Tiny slivers of diamond forged on an infant Earth may contain the earliest traces of life, a study has shown.
Analysis of the crystals showed they contain a form of carbon often associated with plants and bacteria.
The rare gems were found inside zircon crystals, formed a few hundred million years after the Earth came into being.
Writing in the journal Nature, the researchers caution that their results are not definitive proof of early life but do "not exclude" the possibility.
"We're all a little sceptical," said Dr Martin Whitehouse of the Swedish Museum of Natural History and one of the authors of the paper.
If the carbon was derived from primitive organisms, it would push back the date for life appearing on Earth by around 500 million years, to beyond 4.25 billion years ago. The Earth itself is just 4.6 billion years old.
"When you look at the carbon isotopes, they could be interpreted as biogenic because we know that biologic processes do generate light carbon isotopes. But of course there are other processes that can do that," Dr Whitehouse told BBC News.
Other possibilities include chemical reactions involving carbon oxides or even the material being delivered from space by meteorites.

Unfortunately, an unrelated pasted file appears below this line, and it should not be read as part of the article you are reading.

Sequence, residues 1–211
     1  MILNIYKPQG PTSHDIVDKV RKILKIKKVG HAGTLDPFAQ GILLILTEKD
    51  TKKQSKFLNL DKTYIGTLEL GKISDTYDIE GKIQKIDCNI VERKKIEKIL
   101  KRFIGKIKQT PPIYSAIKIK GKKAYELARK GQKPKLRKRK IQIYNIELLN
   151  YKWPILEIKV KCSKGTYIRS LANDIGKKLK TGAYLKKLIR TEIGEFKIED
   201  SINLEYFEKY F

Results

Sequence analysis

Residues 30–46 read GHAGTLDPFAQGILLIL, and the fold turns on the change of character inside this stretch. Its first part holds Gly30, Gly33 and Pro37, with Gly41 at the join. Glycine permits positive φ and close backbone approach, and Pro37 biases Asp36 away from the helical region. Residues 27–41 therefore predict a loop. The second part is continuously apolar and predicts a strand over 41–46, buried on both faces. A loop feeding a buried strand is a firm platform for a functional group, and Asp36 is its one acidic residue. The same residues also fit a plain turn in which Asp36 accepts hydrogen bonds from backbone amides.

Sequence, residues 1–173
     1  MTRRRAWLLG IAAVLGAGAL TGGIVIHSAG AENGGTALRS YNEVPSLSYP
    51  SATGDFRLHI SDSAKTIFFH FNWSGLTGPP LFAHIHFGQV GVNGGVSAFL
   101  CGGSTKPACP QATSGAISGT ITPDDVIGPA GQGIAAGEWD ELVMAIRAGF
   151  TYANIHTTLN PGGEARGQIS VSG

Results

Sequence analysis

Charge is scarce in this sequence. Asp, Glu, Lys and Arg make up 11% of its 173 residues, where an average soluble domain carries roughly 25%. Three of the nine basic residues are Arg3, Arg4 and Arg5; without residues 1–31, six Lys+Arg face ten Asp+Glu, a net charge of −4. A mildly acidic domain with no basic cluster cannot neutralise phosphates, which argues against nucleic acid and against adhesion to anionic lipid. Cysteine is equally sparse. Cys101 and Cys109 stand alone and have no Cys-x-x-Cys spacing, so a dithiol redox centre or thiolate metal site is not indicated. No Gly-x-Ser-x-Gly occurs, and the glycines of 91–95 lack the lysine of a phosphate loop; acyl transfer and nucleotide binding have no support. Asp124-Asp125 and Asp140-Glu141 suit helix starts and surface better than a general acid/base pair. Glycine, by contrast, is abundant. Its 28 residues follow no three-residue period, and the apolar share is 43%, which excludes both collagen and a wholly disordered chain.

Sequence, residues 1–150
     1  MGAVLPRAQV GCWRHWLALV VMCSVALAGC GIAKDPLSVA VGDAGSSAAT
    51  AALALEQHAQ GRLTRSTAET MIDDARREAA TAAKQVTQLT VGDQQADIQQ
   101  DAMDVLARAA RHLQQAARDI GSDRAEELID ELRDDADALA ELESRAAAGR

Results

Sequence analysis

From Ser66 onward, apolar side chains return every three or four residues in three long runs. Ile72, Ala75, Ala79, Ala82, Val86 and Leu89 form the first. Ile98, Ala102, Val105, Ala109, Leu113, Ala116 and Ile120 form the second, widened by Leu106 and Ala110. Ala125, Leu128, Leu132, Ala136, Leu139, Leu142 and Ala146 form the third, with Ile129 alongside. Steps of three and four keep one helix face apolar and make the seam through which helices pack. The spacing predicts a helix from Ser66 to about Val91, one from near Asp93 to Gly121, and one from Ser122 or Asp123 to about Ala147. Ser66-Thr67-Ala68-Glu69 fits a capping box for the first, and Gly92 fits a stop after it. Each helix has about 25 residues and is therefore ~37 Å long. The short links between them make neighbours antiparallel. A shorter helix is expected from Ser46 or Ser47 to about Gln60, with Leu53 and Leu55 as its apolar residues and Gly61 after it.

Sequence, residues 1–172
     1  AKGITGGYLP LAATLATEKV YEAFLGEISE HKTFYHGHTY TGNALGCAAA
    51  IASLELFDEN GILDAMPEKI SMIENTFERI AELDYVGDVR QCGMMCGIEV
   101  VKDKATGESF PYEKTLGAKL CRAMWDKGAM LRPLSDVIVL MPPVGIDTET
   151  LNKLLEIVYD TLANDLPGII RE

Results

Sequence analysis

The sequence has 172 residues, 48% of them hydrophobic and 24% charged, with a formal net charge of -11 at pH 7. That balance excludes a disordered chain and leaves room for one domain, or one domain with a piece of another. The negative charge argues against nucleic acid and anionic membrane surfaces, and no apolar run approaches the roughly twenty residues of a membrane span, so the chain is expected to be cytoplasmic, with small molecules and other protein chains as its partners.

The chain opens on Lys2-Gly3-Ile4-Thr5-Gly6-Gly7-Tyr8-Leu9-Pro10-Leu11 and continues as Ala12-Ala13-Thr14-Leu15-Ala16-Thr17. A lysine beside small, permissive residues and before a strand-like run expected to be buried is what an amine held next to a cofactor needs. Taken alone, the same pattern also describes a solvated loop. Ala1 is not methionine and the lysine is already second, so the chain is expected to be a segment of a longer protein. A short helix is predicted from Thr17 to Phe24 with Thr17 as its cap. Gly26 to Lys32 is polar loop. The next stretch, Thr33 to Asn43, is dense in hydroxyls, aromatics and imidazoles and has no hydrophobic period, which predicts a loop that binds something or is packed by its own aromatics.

However, some observers have raised the possibility that the diamonds may be contamination, introduced during polishing of the zircons.
"If you look at the photos that they present, you always see these diamonds sat in cracks and fissures and cavities," Professor Minik Rosing of the University of Copenhagen told BBC News.
If they were original features, he said, you would expect at least some to be embedded within the structure of the crystals.
"There is always fear that they might actually not be primary."
However, Dr Rosing explained, the possibility that the signatures were from early Life was "tantalising".
The tiny zircon crystals - just 0.3mm across - were found in the Jack Hills of Western Australia. They are the tough remnants of ancient rocks that have long since disappeared.
"We don't have the rocks. These zircons are just little fragments of something that was broken up, weathered and redeposited as sediments," explained Dr Whitehouse.
Radioactive dating has suggested that some of the crystals formed as far back as 4.4 billion years ago.